Global Alliance for Vaccines and Immunisation (GAVI) was created to protect people’s health by increasing the equitable and sustainable use of vaccines. The Covid-19 pandemic stressed the significance of such vaccine alliance for global good. Read here to learn more about GAVI.
The first-ever malaria vaccine (RTS,S/AS01) is being allocated to 12 African countries for 2023–2025 through GAVI, WHO, and UNICEF. The rollout is a critical step forward in the fight against one of the leading causes of death on the continent.
Since 2019, Ghana, Kenya, and Malawi have been delivering the malaria vaccine through the Malaria Vaccine Implementation Programme (MVIP), coordinated by WHO and funded by Gavi, the Vaccine Alliance, the Global Fund to Fight AIDS, Tuberculosis and Malaria, and Unitaid.
The RTS,S/AS01 vaccine has been administered to more than 1.7 million children in Ghana, Kenya, and Malawi since 2019 and has been shown to be safe and effective, resulting in both a substantial reduction in severe malaria and a fall in child deaths.
Global Alliance for Vaccines and Immunisation (GAVI)
By the late 1990s, the progress of international immunisation programs was stalling.
- Nearly 30 million children in developing countries were not fully immunized against deadly diseases, and many others went without any immunization at all.
The challenge was an acute market failure; powerful new vaccines were becoming available, but lower-income countries simply could not afford most vaccines.
In response, the Bill & Melinda Gates Foundation and a group of founding partners brought to life an elegant solution to encourage manufacturers to lower vaccine prices for the poorest countries in return for long-term, high-volume, and predictable demand from those countries.
- In 2000, that breakthrough idea became the Global Alliance for Vaccines and Immunisation – today Gavi, the Vaccine Alliance.
GAVI, The Vaccine Alliance was set up as a Global Health Partnership in 2000 with the goal of creating equal access to new and underused vaccines for children living in the world’s poorest countries.
- In particular, GAVI aims at accelerating access to vaccines, strengthening countries’ health and immunization systems, and introducing innovative new immunization technology.
- Since GAVI’s inception, it has subsequently supported the immunization of an additional 326 million children and prevented a potential 5.5 million deaths.
While the Gavi Secretariat oversees the day-to-day operations of the Vaccine Alliance, the Board is responsible for giving strategic direction and policy-making.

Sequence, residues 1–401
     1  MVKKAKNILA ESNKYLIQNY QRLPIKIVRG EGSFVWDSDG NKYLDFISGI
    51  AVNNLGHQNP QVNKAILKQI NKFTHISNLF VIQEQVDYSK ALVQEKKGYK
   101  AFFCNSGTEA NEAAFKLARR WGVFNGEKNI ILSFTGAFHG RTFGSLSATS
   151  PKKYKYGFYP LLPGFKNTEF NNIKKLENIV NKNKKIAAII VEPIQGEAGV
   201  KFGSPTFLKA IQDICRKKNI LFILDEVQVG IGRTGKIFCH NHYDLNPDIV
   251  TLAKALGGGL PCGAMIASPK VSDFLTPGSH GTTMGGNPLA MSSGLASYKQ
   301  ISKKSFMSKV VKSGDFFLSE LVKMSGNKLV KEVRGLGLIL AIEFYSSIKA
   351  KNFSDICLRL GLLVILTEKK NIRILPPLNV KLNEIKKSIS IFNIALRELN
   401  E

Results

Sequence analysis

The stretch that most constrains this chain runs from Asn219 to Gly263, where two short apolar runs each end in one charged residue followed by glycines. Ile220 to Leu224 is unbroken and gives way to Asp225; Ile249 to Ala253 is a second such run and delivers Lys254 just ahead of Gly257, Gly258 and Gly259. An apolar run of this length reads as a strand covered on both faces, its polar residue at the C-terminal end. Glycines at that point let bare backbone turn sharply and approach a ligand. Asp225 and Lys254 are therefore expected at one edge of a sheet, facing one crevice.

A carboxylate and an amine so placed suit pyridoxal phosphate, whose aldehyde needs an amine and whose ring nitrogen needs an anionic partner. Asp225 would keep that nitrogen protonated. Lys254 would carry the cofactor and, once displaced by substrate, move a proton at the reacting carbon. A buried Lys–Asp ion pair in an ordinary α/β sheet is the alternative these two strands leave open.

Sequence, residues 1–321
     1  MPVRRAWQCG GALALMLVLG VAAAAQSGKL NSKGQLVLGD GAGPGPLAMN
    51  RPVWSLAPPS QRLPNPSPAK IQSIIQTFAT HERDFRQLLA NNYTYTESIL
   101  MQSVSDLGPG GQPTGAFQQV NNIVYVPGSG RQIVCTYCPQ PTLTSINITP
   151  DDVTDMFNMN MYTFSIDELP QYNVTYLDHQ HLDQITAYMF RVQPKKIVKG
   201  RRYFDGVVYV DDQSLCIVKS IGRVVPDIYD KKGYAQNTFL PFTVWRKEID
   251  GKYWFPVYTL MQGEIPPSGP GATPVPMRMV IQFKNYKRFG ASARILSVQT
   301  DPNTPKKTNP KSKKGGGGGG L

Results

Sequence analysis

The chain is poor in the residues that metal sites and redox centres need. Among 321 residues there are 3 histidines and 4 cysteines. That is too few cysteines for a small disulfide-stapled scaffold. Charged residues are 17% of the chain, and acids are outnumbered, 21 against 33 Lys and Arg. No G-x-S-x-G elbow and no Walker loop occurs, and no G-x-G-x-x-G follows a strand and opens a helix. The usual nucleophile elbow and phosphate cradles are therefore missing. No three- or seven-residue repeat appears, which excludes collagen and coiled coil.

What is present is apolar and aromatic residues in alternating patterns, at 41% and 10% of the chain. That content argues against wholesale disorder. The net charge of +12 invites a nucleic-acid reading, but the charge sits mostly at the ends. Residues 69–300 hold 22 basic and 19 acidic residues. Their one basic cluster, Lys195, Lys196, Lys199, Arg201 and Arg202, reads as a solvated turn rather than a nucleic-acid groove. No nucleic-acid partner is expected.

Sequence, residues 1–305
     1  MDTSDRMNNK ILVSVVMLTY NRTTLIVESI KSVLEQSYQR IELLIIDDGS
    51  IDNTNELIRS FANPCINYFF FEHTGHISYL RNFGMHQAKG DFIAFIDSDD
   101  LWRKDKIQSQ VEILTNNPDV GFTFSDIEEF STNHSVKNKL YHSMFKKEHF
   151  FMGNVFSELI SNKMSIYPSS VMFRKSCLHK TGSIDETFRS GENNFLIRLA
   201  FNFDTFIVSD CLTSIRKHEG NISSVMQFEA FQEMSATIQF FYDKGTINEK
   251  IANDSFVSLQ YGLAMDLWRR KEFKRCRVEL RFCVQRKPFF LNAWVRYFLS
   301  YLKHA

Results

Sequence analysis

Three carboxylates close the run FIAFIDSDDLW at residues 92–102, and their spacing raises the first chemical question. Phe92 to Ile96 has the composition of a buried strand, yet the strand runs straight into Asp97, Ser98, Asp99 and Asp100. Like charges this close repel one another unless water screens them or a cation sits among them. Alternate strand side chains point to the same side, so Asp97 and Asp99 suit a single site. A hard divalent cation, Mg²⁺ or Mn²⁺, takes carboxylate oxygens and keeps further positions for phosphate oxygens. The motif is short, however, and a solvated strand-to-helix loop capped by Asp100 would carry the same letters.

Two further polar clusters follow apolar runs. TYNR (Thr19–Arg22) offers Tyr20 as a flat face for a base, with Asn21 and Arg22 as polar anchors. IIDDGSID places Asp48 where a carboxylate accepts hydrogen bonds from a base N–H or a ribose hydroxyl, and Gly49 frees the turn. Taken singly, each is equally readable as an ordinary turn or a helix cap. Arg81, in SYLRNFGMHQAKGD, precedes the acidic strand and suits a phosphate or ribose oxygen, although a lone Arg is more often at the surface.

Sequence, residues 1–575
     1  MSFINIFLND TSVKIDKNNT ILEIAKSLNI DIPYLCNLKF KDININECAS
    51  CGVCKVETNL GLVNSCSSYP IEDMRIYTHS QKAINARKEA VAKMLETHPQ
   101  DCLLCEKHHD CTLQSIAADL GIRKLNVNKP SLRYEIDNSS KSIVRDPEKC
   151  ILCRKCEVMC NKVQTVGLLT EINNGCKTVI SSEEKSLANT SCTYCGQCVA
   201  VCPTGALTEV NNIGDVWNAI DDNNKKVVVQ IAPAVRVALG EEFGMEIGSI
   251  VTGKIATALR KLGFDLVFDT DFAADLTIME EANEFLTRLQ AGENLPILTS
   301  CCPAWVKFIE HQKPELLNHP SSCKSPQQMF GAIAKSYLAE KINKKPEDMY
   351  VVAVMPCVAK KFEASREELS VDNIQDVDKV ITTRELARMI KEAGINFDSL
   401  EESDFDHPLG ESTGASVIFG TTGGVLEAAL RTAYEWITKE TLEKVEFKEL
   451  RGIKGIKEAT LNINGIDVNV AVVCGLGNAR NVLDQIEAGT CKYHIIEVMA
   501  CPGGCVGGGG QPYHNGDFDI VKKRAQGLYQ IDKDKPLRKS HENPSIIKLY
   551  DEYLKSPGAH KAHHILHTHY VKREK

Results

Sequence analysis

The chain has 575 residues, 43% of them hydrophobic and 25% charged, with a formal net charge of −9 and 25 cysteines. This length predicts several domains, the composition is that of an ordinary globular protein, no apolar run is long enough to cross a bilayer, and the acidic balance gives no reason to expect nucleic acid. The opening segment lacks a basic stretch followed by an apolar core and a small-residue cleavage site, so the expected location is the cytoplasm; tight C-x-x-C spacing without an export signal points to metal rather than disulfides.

The Board is comprised of 18 “representative” seats, 9 seats for independent or “unaffiliated” individuals, and one seat for Gavi’s CEO.
- UNICEF, WHO, the World Bank, and the Bill & Melinda Gates Foundation hold permanent seats.
- Constituency representatives serve on a time-limited basis.
- Independent Board members are private individuals with no professional connection to Gavi’s work. They bring independent and balanced scrutiny to all of the Board’s deliberations. These individuals also provide expertise in a number of critical areas such as investment, auditing, and fundraising.
- Two-thirds of the voting members of the Board are representatives from key Vaccine Alliance partner institutions and stakeholders (each such representative a “representative Board member”) and one-third of its voting members are independent (or unaffiliated) individuals who are appointed in their personal capacity on the basis of their skills and networks.
Significance of the Global Alliance for Vaccines and Immunisation
Gavi now vaccinates almost half of the world’s children, giving it tremendous power to negotiate vaccines at prices that are affordable for the poorest countries and to remove the commercial risks that previously kept manufacturers from serving them.
Gavi shares the cost that implementing countries pay for vaccines, which has resulted in more than 561 vaccine introductions and campaigns, dramatically boosting immunization against virulent diseases.
- Gavi has enabled all low-income countries to introduce this vaccine in their national programs.
- Progress on the third dose of Hib vaccine coverage, as well as with pneumococcal conjugate vaccine (PCV), has been so successful that the coverage rate in the 57 Gavi-supported countries has been higher than the global average coverage rate, for several years in a row.
- By the end of 2019, 16 countries had transitioned out of Gavi support and are fully financing all vaccine programs introduced with Gavi support.
Crises operate with a ripple effect, and ss health systems across the world attempt to stop the spread of disease, immunization services in low-income countries are suffering. This disruption means 80 million children will miss out on life-saving vaccines. GAVI aims to curb this.
Read here: Universal Immunisation in India
New challenges and a changing global health landscape will make these ambitious goals more challenging than ever before.
At the same time, in the face of COVID-19, low- and middle-income countries have never been more in need of support.
Making vaccination available to populations under pressures caused by conflict, country fragility, and migration is a challenge that will only be exacerbated by global trends like population growth, urbanization, and climate change.
Every year 1.7 million deaths in children under five are linked to the environment, the majority due to respiratory infections such as pneumonia.
Rising temperatures are likely to increase the prevalence of vector-borne diseases, such as malaria and yellow fever. The number of cases and geographic range of Japanese encephalitis and dengue fever are also likely to rise.
Improved access to vaccines has changed the lives of millions of people in low-income countries.
-Article by Swathi Satish